Bush and his top advisers first huddled with top bundlers at the glitzy Biltmore Hotel near his home in Coral Gables. Later, Bush visited the Miami Beach studios of Romero Britto, a Brazilian-born artist who hosted the candidate, his wife, Columba, their son, Jeb Bush Jr., and dozens of "young professional" donors participating in the campaign's "Mission Next" project. The event coincided with Art Basel, an annual contemporary art festival that draws thousands of visitors to Miami.
At the Biltmore meeting, attendees heard from his top aides, including campaign manager Danny Diaz, senior strategist Sally Bradshaw, finance director Heather Larrison, and a longtime aide who is running his campaign's South Carolina operations, Brett Doster. The group also heard from Bush national finance committee chairman Woody Johnson — owner of the New York Jets — and former House Majority Leader Eric Cantor (R-Va.), who has become a top bundler and surrogate.
"They have a plan, believe in it and are determined," said one attendee.
"They weren't trying to spin everything, but they pointed out how these primaries are very volatile," said another.
Donors described details of the meeting on the condition of anonymity because the campaign had asked them to remain tight-lipped.
During the meeting, Doster walked the donors through how he's building support for Bush in the Palmetto State, the third state to vote in the GOP primaries where Bush has spent time mostly discussing his military, veterans health-care and national security proposals. Cantor reminded the donors how it took the GOP's 2008 and 2012 nominees, Sen. John McCain (R-Ariz.) and former Massachusetts governor Mitt Romney several months to win the primaries and that they prevailed despite stumbles in early primary states.
Bush aides told the group that a fundraiser that some of them attended Friday night in nearby Key Biscayne raised $325,000 for the campaign. On Thursday night, Bush raised more than $100,000 at one of two events he held in Washington, attendees said.
The cash infusion comes amid several recent bad polls for Bush. A CNN/ORC poll released on Friday gave Bush just 3 percent nationally — more than 30 points behind front-runner Donald Trump. Bush remains in the single digits in Iowa, where he campaigned last week for three days, and New Hampshire, where he will spend three days this week.
Before the meeting, Diaz said that his team would be telegraphing confidence.
"We have the best candidate, with the best record and the best ideas," he said in an email. "We have communicated to voters in the early states the Governor's record of conservative accomplishment, which is unmatched in the field, and we are now focused on the policy prescriptions that will move the nation forward."
Diaz said the campaign's focus would remain on national security, noting that Bush was the first Republican presidential contender to unveil a comprehensive strategy over the summer that would "defeat ISIS and rebuild our military after seven disastrous years under Barack Obama and Hillary Clinton."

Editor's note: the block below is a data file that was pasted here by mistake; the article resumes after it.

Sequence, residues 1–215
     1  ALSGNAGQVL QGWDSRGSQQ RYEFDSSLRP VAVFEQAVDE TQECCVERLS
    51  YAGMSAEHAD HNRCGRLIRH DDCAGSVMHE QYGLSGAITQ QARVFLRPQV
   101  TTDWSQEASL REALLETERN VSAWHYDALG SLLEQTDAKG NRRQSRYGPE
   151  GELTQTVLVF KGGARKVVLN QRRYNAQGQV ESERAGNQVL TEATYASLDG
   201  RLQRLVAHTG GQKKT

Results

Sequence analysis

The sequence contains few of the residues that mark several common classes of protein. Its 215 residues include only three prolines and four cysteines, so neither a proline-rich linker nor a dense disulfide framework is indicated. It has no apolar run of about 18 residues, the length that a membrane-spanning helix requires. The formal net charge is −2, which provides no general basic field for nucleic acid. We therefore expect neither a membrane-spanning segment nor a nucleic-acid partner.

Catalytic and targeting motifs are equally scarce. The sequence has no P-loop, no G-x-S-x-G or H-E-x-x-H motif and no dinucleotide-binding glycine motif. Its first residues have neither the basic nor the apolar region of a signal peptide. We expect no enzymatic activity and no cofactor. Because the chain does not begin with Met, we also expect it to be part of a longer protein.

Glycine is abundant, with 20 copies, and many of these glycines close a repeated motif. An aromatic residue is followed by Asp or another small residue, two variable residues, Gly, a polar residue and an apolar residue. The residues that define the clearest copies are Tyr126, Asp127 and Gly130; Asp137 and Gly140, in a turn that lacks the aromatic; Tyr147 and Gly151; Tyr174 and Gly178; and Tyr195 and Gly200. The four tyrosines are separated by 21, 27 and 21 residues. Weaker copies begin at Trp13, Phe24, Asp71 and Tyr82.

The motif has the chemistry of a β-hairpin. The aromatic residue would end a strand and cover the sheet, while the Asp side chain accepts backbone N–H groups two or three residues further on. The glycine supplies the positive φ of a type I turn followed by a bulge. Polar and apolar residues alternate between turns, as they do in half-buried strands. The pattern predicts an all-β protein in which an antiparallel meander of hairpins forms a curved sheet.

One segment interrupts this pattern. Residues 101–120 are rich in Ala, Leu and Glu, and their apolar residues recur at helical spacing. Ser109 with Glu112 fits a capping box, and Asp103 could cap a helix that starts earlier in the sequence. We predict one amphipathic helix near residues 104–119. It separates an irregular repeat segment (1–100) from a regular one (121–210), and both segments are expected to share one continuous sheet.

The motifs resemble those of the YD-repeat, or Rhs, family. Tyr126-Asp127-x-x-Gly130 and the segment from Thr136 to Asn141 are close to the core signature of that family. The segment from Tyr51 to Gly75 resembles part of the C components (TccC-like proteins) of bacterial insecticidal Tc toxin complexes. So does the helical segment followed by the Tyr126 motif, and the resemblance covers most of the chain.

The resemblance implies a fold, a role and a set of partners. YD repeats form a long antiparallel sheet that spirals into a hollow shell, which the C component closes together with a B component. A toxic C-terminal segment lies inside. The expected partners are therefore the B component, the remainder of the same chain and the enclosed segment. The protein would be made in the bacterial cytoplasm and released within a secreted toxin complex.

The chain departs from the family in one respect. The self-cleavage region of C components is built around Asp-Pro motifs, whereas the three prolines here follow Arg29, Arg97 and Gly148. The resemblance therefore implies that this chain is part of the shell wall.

Meanwhile, Right to Rise USA, the super PAC that promises to spend more than $100 million on television advertising in the early states, released a 15-minute biopic on Saturday that includes brief interviews with the candidate and his wife, Columba.
The video will air in the coming days across New Hampshire, including on the New England Sports Network, a channel that airs Boston Red Sox games. Footage in the short film already appears in other ads and online videos produced by the PAC. Mostly, "The Jeb Story" recounts how Bush met his wife, his decision to move the family to Miami, his unsuccessful gubernatorial run in 1994, his victory in 1998, and how he worked to transform the state over eight years as governor. It includes interviews with Columba Bush and current and former Florida lawmakers and lobbyists.
But in the final two minutes, the video takes a dramatic turn from Bush's biography to recent events — the terrorist attacks in Paris and San Bernardino, Calif. Mixing news footage with images of Bush during a recent speech at The Citadel military college in South Carolina, an announcer bellows: "The threat to America is real. One man is tested: Jeb is ready to lead."
"We are at war with radical Islamic terrorism. ... America has had enough of empty words," he said.
"Jeb's performance on the stump is strong in both style and substance, and we're working hard to amplify that," said Right to Rise USA spokesman Paul Lindsay. "We think this will come down to a race about experience and judgment, and no one can match Jeb Bush on those attributes."
New Hampshire TV viewers are seeing shorter versions of Bush's national security message in another ad. One version is paid for by the super PAC. The other is bought and paid for by the Bush campaign and stars Medal of Honor recipients who blast Obama's leadership and raise doubts about other GOP contenders